Mexico City’s Gay Adoption Rights Upheld by Supreme Court
Mexico’s Supreme Court ruled by an overwhelming majority on Monday to uphold the adoption rights of Mexico City’s same-sex couples.
States Must Honor Mexico City’s Adoptions
Ruling 9-2, the Supreme Court found that it would be discriminatory to deny same-sex couples the right to adopt once they had been granted the right to marriage.
Given that the Supreme Court had already rejected the argument that same-sex marriage undermines the traditional family unit, the Court found insufficient basis to conclude that same-sex parent adoptions would have an undesirable impact on the so-called traditional family.
Equally, while the issue of child welfare was a central point of discussion, with both federal prosecutors and conservative religious opponents arguing that same-sex parent adoptions would harm children, the Court flatly rejected such a claim.
“Given that the interests of the child must come first, the proposed reform is constitutional,” said Judge Arturo Zaldivar.
Crucially, while the right to adopt is confined to Mexico City, the Court also ruled that, under its own version of the Full Faith and Credit Clause, same-sex parent rights as conferred by an adoption in Mexico City must be honored by all states.
Gay Marriage and Same-Sex Adoption Rights in Mexico City
While Argentina was the first country in Latin America to legalize same-sex marriage, Mexico City was actually the first jurisdiction in Latin America to do so.
This change came about after the federal district’s lawmakers voted to amend Mexico City’s civil code so that the definition of marriage read “the free uniting of two people”, therein allowing same-sex couples to marry.
The change to the law, which was enacted in March, was, at the time, rather unique in its scope in that, by amending the civil code in this fashion, it also granted same-sex couples the right to adopt.
This change was promptly challenged by the conservative federal government, part of the National Action Party (PAN), who questioned the law’s constitutionality on the grounds that it threatened the institution of the family.
On August 5, the Court ruled that Mexico City’s gay marriage amendment was indeed constitutional in an 8-2 judgment.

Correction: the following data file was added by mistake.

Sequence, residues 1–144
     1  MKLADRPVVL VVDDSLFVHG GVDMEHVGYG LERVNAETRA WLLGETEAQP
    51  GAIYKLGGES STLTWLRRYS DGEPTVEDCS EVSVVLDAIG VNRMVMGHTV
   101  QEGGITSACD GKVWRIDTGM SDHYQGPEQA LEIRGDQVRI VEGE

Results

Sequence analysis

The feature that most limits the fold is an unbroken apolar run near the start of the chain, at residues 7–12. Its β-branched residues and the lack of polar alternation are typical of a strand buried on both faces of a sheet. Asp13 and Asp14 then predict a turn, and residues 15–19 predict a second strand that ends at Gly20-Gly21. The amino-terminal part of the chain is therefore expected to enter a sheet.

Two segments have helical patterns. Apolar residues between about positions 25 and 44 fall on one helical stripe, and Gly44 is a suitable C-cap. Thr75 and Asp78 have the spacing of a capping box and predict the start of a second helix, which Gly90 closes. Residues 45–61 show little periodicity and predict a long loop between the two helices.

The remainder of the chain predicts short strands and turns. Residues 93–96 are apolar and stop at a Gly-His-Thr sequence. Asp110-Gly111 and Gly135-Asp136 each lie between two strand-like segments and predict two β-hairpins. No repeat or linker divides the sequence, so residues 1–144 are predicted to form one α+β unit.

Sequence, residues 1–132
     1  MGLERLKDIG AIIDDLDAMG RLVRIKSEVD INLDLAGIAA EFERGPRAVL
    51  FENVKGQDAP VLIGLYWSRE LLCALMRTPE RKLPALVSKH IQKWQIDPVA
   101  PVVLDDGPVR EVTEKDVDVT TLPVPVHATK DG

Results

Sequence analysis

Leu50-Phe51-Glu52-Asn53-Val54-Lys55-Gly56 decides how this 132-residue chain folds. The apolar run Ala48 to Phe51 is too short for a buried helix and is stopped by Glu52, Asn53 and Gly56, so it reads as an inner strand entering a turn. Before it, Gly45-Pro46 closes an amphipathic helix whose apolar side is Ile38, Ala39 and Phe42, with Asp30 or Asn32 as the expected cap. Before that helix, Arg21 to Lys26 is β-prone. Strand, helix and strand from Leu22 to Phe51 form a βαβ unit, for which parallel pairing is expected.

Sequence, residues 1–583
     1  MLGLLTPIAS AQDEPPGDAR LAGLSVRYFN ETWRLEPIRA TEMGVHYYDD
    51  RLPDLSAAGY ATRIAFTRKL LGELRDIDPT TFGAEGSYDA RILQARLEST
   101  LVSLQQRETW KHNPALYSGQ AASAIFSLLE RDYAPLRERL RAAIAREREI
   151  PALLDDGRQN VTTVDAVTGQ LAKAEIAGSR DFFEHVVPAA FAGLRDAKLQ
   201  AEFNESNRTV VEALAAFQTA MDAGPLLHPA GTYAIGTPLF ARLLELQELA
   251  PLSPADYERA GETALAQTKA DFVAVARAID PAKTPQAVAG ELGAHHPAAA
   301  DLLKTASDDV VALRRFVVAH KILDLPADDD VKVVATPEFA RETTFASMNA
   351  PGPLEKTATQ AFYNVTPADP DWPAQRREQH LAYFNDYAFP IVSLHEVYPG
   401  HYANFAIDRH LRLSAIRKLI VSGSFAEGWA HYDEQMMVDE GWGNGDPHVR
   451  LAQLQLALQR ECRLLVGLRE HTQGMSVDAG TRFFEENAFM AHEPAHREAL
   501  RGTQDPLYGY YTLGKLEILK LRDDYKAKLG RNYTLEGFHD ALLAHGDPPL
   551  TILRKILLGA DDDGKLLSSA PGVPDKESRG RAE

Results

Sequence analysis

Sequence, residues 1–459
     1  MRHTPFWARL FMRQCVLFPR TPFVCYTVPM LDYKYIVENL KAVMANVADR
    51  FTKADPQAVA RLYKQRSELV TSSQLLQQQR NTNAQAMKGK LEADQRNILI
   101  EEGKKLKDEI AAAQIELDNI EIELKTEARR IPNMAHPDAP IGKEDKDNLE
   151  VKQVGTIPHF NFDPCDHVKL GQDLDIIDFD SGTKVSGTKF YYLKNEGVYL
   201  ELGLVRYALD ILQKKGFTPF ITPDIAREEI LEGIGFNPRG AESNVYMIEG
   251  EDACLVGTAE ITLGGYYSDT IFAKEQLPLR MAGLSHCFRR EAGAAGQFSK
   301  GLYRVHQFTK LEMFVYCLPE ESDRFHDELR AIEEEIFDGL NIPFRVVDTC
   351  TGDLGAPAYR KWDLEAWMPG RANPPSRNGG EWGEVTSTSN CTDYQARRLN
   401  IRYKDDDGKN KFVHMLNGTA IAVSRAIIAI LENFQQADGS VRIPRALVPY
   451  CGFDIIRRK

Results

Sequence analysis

The Supreme Court rejected the argument that gay marriage undermined the so-called traditional family unit, saying that individual jurisdictions, in this regard, must be able to define marriage as they see fit.
This highlighted another question. Should other jurisdictions have to recognize Mexico City’s same-sex marriages even if they themselves do not grant same-sex marriage rights?
The Attorney General argued against such a concession.
The Supreme Court disagreed with the Attorney General by a 9-2 margin, saying that all states must honor those same-sex marriages. The Court stressed, however, that this should not be read as a mandate that all states must legalize gay marriage, a distinction that was made explicit in the ruling.
Cardinal Condemned for Claiming Judges Accepted Bribes
The debate surrounding Mexico City’s gay marriage law has been incredibly heated in the predominantly Catholic country.
The Associated Press reports that, amid the opposition put forth by the Roman Catholic Church, Cardinal Juan Sandoval, the archbishop of Guadalajara, was unanimously rebuked by the Supreme Court after he publicly suggested this past weekend that they had been paid off by Mexico City’s Administration.
Interestingly, Mexico City’s left-leaning mayor, Marcelo Ebrard, is expected to run for President in 2012. No doubt the Administration’s support for same-sex marriage and pro-choice rights, a law that was also upheld by the Supreme Court when challenged by Mexico’s Attorney General, will feature heavily in the political campaign.